I have mentioned several times before that I have not done housework in, oh, seven years. I've had mixed experiences with housekeepers - the one who hid the items she broke, or the one who didn't speak French, or the one who left dirty diapers in the loo. But overall I loved coming home to a clean house. I knew it would be a big adjustment to start doing it all by myself.
It was with some trepidation that I've been looking at and eventually purchasing the myriad of cleaning products and equipment available. Environmentally friendly? Organic? Scented? Non-scented? Anti-bacterial? I'd spend at least 20 minutes just examining the items in the cleaning aisle. Maybe that's why all the greeters at Wal-Mart know me. I think I'll buy a Swiffer Sweep + Vac or a carpet sweeper as an intermediary measure. Why does a purchasing a vacuum cleaner feel like a bigger indicator of adulthood than marriage?
Last night after a friend and I picked up our veggie basket of organic locally produced foods we traipsed over to Target to buy even more cleaning stuff, namely from the Real Simple line of products. I happen to like the Target design aesthetic better, and the RS items look sleek and useful. I bought the upright dustpan and broom with which I happily swept away the remains of six weeks' worth of ramen dinners. I find that cleaning is like riding a bike or roller-skating: you may be a little rusty at first, but then everything kicks in.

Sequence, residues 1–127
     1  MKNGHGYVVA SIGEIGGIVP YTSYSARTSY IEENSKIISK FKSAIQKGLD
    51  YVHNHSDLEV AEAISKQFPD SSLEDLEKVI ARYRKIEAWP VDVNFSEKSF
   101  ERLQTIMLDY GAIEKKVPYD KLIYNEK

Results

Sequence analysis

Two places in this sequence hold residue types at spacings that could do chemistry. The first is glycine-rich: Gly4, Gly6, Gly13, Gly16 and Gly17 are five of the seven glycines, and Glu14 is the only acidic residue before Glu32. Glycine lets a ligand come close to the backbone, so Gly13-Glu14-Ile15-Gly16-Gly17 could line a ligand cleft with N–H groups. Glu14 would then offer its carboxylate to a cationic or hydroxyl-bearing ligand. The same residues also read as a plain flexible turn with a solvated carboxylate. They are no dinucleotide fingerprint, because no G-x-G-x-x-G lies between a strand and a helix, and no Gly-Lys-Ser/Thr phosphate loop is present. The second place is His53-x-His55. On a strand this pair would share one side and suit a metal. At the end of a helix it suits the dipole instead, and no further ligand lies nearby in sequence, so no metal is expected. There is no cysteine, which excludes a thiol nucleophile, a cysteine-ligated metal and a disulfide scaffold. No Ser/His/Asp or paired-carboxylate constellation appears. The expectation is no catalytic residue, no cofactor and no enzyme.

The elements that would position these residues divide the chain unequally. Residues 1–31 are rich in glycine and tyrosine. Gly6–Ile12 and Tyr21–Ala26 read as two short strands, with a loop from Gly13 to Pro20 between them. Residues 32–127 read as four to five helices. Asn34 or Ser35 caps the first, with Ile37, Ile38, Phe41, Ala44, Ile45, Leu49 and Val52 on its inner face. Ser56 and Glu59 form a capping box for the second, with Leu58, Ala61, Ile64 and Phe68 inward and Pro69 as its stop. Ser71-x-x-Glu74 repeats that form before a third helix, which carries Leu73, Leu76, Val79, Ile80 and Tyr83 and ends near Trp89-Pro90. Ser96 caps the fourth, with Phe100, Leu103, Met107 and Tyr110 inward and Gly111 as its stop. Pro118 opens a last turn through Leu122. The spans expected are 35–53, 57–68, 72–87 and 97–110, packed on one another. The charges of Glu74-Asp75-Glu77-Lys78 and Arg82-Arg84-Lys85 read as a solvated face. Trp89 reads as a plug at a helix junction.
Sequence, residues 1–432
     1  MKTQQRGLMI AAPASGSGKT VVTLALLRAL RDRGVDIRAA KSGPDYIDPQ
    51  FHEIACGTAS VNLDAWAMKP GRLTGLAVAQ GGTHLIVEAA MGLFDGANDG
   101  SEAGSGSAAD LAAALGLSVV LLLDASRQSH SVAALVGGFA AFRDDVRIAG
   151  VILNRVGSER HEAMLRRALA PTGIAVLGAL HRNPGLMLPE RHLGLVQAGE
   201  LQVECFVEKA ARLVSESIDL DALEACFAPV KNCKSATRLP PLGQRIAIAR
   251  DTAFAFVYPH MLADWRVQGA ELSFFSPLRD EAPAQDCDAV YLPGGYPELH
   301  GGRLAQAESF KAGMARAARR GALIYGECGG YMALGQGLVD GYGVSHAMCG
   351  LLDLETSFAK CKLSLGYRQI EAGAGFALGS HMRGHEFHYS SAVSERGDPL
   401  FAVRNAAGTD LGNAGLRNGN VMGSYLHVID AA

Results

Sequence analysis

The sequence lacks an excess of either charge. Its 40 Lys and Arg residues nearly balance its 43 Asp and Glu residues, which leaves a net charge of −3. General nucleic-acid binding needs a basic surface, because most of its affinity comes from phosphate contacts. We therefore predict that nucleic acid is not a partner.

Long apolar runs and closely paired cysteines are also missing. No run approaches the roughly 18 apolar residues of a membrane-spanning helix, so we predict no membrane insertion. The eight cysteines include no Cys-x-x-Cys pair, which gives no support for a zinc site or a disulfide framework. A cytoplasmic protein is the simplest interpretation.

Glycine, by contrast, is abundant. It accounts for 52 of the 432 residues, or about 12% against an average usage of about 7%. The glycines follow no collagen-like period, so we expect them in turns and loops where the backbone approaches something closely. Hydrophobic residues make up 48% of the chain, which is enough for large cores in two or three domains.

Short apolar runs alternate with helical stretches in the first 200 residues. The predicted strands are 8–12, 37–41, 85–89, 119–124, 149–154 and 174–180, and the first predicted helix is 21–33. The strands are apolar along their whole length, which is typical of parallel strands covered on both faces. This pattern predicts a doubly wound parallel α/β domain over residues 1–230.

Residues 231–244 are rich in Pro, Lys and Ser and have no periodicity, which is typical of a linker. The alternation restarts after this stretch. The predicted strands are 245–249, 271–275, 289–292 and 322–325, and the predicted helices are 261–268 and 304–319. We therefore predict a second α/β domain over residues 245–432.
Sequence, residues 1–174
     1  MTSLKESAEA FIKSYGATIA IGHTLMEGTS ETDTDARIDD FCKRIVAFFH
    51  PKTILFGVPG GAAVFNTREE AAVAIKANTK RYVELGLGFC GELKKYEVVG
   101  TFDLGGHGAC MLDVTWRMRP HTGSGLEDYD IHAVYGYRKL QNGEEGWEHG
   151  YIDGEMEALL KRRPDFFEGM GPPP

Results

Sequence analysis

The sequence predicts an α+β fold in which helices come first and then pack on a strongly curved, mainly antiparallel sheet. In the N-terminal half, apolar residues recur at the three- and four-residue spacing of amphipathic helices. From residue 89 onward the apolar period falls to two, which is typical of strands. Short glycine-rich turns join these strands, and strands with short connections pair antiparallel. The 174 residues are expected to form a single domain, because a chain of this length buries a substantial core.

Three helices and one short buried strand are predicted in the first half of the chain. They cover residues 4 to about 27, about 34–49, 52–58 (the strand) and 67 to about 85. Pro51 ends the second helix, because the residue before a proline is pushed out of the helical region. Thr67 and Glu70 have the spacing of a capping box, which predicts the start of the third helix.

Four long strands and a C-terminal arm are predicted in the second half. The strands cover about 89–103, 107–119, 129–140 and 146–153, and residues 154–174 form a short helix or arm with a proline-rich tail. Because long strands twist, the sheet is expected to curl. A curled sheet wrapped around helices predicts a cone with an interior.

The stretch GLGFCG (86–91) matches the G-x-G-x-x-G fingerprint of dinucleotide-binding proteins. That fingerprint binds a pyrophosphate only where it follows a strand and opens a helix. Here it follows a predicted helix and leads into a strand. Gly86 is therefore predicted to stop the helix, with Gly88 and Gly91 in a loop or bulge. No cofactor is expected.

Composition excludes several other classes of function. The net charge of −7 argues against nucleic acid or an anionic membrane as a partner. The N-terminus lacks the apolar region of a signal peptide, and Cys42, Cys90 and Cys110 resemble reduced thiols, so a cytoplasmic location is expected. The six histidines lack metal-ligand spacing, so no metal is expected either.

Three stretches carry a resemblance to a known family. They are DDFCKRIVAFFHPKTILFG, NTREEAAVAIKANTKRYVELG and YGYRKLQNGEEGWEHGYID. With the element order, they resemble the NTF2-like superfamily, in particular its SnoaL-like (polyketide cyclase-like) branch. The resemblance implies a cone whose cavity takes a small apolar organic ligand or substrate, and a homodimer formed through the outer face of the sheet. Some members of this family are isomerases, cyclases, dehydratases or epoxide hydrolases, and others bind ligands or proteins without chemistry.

On October 27th, 2006 08:48 pm (UTC), (Anonymous) commented:
I didn't know Targets were allowed in Arkansas. Target beats Wal-Mart in my opinion largely because there is something aesthetically appealing about their stores that WM lacks... like clean floors, items located in the same zip code as the correct shelf tag, and people who can actually help me find what I'm looking for.
As for cleaning supplies, my wife wholeheartedly agrees with the Mr. Clean Magic Eraser recommendation. Hoover Vacuum Cleaners are generally the most reliable and available for your dollar, though Kenmore (Sears) has good ones too but you will pay $200-300 for a good one--don't go cheap (Dirt Devil) or you'll be sorry! Costco has the best dishwasher soap (with enzymes! Enzymes are good). Don't go nuts being environmentally friendly at first or you'll get frustrated as such products usually require more elbow grease and more $ and sometimes aren't as effective anyway. Find the nasty stuff that works the best, get used to that first, and then gradually shop green for one product at a time and see what you like.